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Why are Bull and Bear Markets Called That?

For those who don’t know, a “bear” market, or when someone is being “bearish” in

this context, is marked by investors being very conservative and pessimistic, resulting

in a declining market generally marked by the mass selling off of stock.

A “bull” market is simply the opposite of that, with investors being aggressive and

positive, with stock prices rising as a result of this optimism.

This “bull” and “bear” terminology first popped up in the 18th century in England.

There are a couple different possible sources for the “bear” part of this tandem, but

the leading theory is that it derived from an old 16th century proverb: “selling the

bear’s skin before one has caught the bear” or alternatively, “Don’t sell the bear’s

skin before you’ve killed him,” equivalent to, “Don’t count your eggs before they’re

hatched.”

By the early 18th century, when people in the stock world would sell something they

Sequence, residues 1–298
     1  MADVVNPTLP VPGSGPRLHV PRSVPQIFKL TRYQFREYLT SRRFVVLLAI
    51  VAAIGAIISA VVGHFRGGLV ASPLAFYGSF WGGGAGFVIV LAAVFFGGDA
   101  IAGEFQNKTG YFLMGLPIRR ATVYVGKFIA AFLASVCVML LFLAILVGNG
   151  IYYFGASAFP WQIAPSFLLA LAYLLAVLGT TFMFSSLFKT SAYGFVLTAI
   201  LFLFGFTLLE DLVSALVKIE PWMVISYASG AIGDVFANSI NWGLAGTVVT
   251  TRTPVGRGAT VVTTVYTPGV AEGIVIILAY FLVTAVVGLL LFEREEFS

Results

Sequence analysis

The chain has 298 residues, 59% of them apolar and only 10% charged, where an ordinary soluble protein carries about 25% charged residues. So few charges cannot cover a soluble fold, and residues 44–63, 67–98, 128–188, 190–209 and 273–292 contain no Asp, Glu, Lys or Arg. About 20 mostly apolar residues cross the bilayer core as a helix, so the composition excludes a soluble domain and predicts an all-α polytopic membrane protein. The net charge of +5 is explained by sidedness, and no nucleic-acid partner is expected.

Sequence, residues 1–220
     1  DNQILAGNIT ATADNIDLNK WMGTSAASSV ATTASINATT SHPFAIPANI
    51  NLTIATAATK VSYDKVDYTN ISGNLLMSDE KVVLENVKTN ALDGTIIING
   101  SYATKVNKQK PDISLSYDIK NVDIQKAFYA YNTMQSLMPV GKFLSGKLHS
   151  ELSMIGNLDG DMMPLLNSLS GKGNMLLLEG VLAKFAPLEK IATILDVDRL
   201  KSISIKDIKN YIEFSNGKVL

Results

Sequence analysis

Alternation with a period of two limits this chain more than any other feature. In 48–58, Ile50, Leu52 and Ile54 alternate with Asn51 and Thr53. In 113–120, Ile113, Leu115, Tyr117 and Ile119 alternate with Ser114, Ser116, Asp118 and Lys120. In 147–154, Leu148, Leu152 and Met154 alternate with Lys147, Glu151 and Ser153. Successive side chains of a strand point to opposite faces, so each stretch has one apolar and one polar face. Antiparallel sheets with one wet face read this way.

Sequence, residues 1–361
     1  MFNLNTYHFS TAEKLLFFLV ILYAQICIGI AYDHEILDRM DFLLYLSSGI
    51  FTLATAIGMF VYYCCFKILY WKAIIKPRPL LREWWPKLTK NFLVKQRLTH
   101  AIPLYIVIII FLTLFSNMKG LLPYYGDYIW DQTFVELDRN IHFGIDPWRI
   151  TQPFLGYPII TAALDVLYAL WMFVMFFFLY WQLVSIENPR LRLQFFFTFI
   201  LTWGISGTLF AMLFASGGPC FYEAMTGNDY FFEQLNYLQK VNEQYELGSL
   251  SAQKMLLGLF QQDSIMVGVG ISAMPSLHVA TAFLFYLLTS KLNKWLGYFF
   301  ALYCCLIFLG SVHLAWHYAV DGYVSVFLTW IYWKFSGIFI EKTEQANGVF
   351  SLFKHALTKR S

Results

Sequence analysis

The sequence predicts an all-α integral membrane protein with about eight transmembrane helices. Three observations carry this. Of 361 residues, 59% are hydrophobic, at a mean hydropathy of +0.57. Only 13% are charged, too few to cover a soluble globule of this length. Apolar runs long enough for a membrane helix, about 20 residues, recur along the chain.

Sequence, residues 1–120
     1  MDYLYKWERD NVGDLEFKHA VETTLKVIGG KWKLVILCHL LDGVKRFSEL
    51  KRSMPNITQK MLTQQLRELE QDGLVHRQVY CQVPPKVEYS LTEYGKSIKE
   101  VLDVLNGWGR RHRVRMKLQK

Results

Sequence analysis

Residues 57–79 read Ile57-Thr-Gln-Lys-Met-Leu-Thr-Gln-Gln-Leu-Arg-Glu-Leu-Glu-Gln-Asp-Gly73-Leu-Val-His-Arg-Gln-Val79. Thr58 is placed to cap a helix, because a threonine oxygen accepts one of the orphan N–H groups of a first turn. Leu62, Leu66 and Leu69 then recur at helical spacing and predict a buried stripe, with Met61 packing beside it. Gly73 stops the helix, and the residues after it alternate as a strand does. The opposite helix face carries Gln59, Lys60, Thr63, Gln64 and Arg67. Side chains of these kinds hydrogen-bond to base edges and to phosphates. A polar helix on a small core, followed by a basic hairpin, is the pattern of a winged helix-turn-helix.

didn’t yet own (in hopes of turning a profit by eventually being able to buy the thing

at a cheaper rate than they sold it, before delivery was due), this gave rise to the saying

that they “sold the bearskin” and the people themselves were called “bearskin

jobbers”.

One of the earliest references of this comes from an issue of The Tatler, April 26, 1709:

Forasmuch as it is very hard to keep land in repair without ready cash, I do, out of

my personal estate, bestow the bear-skin, which I have frequently lent to several societies

about this town, to supply their necessities; I say, I give also the said bear-skin as an

immediate fund to the said citizens forever…

In a later edition, June 23, 1709, it goes on to state: